Almost Getting To The Point

In Does Size Matter? we concluded that, while aggregating JavaScript code is generally a good thing, at a certain point we might need to back off and consider breaking up our code.  At the moment ADF Faces is at one end of the size vs. round trip spectrum.  The number of round trips is optimized by combining all JavaScript code into a single library (single round-trip).  At the other end of the spectrum, we could optimize total downloaded code size by breaking out each JavaScript “class” into its own library (many round trips).  Clearly some happy medium – a balance between size and round trips – is needed.

Perhaps the ideal solution would be a GWT-like approach.  We could consider analyzing JavaScript code usage to determine the bare minimum code requirements down to the method level.  While this would certainly lead to a highly optimized solution, it does have one drawback.  This is hard!  In a traditional JEE/JSP/JSF application, JavaScript code lives in a number of places, some of which are not exactly easy to identify.  JavaScript code may be bundled up into jar files or war files (not too hard to identify), or may live inside of JSPs or other templates (slightly harder to identify), or may be generated programmatically via Java code (very hard to identify).  That’s not to say that this approach is impossible or not worthwhile; this is clearly an idea that is worth pursuing.  However, given the scope of such a project, a solution along these lines was simply not in the cards for our current release.

So, if we aren’t able to perform code analysis to produce a minimal application-specific JavaScript library, what are our other options?  Let’s start by considering some requirements that we would like our solution to meet.

1.  Aggregation.  We want a solution that allows us to group JavaScript files into larger “chunks”.  At the moment, the ADF Faces JavaScript code is delivered in one big chunk.  We want to break this up into smaller chunks that can be delivered to the browser independently.

2.  Specificity.  Any given chunk should only be downloaded/loaded on pages that need the chunk.  So, for example, if the JavaScript code for the af:richTextEditor  component lives in its own chunk, this code should only be pulled in on pages which use the af:richTextEditor component.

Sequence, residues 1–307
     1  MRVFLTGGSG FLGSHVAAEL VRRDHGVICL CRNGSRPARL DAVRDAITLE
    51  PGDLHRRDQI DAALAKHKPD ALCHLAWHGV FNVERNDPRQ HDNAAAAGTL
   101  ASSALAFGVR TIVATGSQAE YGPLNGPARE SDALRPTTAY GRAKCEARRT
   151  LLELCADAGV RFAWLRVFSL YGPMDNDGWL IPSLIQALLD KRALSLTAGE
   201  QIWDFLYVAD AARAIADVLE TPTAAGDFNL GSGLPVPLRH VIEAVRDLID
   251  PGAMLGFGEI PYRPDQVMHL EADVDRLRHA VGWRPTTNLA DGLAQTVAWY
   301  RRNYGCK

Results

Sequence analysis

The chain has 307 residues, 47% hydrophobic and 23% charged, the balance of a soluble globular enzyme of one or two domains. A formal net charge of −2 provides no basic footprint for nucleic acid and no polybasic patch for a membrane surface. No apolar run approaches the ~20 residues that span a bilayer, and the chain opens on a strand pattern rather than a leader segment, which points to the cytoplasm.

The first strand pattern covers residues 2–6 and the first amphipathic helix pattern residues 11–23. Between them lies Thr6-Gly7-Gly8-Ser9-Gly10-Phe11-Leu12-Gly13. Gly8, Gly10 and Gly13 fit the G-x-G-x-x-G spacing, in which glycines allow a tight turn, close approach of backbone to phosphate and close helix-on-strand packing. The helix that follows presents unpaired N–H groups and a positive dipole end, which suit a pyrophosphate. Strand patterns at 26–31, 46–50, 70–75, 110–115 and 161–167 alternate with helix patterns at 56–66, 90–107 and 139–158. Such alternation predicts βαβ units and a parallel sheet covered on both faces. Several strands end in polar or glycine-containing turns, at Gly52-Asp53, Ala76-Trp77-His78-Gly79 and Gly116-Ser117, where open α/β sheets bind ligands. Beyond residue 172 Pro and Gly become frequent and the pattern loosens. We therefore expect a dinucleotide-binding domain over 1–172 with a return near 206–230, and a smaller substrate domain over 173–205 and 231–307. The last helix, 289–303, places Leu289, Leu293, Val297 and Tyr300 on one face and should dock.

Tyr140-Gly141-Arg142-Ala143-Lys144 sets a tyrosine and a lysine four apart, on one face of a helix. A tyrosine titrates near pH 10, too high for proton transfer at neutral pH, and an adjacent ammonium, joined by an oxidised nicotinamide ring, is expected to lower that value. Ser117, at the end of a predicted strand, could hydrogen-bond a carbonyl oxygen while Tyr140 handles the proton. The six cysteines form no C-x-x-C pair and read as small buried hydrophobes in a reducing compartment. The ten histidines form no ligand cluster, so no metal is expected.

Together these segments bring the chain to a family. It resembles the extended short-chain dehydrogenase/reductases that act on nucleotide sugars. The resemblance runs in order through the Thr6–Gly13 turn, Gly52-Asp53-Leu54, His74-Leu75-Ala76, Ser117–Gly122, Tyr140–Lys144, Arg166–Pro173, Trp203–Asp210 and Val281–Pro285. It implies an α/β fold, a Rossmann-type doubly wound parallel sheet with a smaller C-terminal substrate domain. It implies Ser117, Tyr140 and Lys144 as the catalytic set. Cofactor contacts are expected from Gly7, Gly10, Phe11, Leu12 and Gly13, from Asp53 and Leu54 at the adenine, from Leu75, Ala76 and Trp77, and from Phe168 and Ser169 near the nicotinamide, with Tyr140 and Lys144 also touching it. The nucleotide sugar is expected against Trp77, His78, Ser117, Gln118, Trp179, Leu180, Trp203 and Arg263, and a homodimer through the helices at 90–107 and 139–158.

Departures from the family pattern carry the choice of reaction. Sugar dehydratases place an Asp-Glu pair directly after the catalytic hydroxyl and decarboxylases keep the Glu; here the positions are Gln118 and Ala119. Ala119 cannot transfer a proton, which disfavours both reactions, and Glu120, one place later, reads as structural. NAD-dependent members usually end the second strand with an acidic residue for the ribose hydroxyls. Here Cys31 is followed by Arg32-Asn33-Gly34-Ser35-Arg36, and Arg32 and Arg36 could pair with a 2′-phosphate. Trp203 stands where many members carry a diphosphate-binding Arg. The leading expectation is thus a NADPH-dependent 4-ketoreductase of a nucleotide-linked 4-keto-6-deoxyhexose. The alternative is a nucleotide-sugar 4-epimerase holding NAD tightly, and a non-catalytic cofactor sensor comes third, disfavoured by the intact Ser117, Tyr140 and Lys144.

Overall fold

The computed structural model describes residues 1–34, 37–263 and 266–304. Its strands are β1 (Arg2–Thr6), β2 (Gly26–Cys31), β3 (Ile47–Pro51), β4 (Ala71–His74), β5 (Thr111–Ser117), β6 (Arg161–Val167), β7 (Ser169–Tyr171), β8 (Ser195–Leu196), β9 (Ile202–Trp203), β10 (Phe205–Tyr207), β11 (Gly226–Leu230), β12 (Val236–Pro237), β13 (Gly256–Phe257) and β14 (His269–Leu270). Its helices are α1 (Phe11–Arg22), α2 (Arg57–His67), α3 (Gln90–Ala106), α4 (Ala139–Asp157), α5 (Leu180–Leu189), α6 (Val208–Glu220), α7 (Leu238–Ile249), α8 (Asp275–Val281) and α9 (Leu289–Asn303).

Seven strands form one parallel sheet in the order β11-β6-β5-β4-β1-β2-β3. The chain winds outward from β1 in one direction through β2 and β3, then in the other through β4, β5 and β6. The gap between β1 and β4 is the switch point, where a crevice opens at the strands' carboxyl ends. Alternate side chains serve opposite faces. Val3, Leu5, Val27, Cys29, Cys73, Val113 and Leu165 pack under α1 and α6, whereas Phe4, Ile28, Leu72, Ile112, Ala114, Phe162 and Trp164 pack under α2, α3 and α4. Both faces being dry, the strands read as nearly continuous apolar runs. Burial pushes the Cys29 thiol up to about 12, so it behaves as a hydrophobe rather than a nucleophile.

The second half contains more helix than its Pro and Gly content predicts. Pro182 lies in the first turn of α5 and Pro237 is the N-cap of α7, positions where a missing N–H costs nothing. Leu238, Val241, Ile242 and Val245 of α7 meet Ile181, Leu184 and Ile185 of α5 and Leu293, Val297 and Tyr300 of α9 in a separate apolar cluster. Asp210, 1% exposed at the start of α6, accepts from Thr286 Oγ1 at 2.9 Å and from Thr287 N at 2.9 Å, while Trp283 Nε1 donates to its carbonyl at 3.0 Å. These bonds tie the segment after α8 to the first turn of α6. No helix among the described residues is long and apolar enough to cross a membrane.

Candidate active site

3. Cacheability.  Chunks should be cacheable.  That is, the contents of the chunks should not vary from page to page.  If a chunk is required by both page A and page B, it should not be necessary to download the chunk a second time when navigating from page A to page B.

4. Tunability.  The number and content of the chunks should be configurable at the application level.  Different applications have different JavaScript usage patterns and should be able to optimize the chunks (ie. optimize the size vs. round-trip trade-off) accordingly.

5. Abstraction.  When defining the contents of a chunk, the application developer should not be required to reference the physical JavaScript file names or locations.  For example, when defining a chunk that includes the JavaScript code for the af:richTextEditor component, the application developer should not need to know that the af:richTextEditor implementation relies on code located in the “oracle/adfinternal/view/js/laf/dhtml/rich/AdfDhtmlRichTextEditorPeer.js” file.  File names and locations are implementation details that are easily changed/re-factored.  Instead of relying on file names, the application developer should reference the code via some logical identifier that is guaranteed not to change.  This protects both the component author (freedom to change/re-factor) and the application developer (freedom from breaking when pesky component authors make changes).

6. Defaults.  Some default set of chunks should be provided so that application developers are not forced to go to the trouble of defining their own chunk layout.

7. Ordering.  The solution should ensure that chunks are loaded in an order that honors code dependencies between chunks.  If chunk A depends on code in chunk B, chunk A should be loaded before chunk B.

8. Extensibility.  Custom components should be able to participate in the solution.  That is, it should be possible to chunk custom component code in the same manner as ADF Faces framework/component code.

Assuming we’ve hit the key requirements (and hopefully we did, as I am running out of serious-sounding words to describe each requirement), these requirements translate into a fairly straightforward solution.  Which of course is the topic of my next entry. :-)

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One Response to “Almost Getting To The Point”

  1. Hello, JavaScript Library Partitioning! « Andy Schwartz’s Weblog Says:

    [...] Andy Schwartz’s Weblog Just another WordPress.com weblog « Almost Getting To The Point [...]

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